Positive fish ID, however, may be challenging even for professionals, said Stacey Viera, spokeswoman for the National Fisheries Institute. "There are so many varieties and species out there," she said.

In fact, Consumer Reports decided to do its salmon investigation beginning in 2005 because a technology finally had been developed that detected traces of a harmless additive fed to farm-raised salmon to turn their flesh pinkish orange. Without the test, Martin said, it would have been almost impossible to tell farm from ocean dwellers.

South Florida has seen its share of fishy seafood dealings.

In 2000, two major Miami seafood importers attempting to evade mandatory federal methyl mercury testing were fined $650,000 for trying to pass off swordfish from Uruguay as whitefish, according to the U.S. Food and Drug Administration.

And in May, state agriculture inspectors say they discovered workers at Shifco Inc., a food processing plant in Hialeah, repackaging 8,000 pounds of farm-raised Vietnamese broadhead filets in boxes labeled "wild caught grouper," according to Florida Agriculture and Consumer Services spokesman Terence McElroy.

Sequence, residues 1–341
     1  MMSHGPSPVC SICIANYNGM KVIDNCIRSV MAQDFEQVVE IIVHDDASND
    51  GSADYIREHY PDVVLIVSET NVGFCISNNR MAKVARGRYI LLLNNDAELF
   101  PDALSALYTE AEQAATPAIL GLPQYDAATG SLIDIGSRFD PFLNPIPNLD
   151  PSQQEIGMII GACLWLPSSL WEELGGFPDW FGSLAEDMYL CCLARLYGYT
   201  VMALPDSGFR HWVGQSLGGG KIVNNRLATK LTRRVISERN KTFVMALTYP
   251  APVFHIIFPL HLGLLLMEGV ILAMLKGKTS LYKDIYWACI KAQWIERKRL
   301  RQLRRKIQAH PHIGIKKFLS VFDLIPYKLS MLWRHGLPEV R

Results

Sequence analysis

Grouper sells for twice the price of broadhead, similar to catfish. The state and the FDA still are investigating.
"It not only wasn't wild, it wasn't even grouper," McElroy said. "It wasn't prime rib of the sea, as it was portrayed."
Consumer Reports recently found that the majority of "wild" salmon purchased in the off-season was farmed-raised. To protect yourself:

Know if there is an off-season for the fish you're purchasing and if so, be wary of buying "fresh" or "wild" fish then. For salmon, the off-season is November, December and March.

Buy from someone you know and trust.

Good fish should smell fresh, never fishy.

Ask questions. Where is the fish from? When did it come in? Was it ever frozen? Frozen fish is fine, but it will be fresher if you take it home that way, rather than buy a piece already thawed.

Experts say wild salmon should have a stronger flavor and firmer flesh than farmed. But because of dietary additives, farmed fish may have the same intense color as wild.

 
 
 
Alaska Fishing Guides and Charters  
 
Wild Alaska Salmon Products  
FAQs  
Home Page  
 
Home | Wild Alaska Salmon Products | Health Benefits | FAQ | Contact Us | Shipping / Policies | Salmon Recipes | Sustainability | Farmed Salmon Facts | Links | Site Map


Contact us by e-mail

Visit our Link Partners

 

Powered by StoresOnline.com.  
Copyright © 1999-2007 StoresOnline.com.  All rights reserved.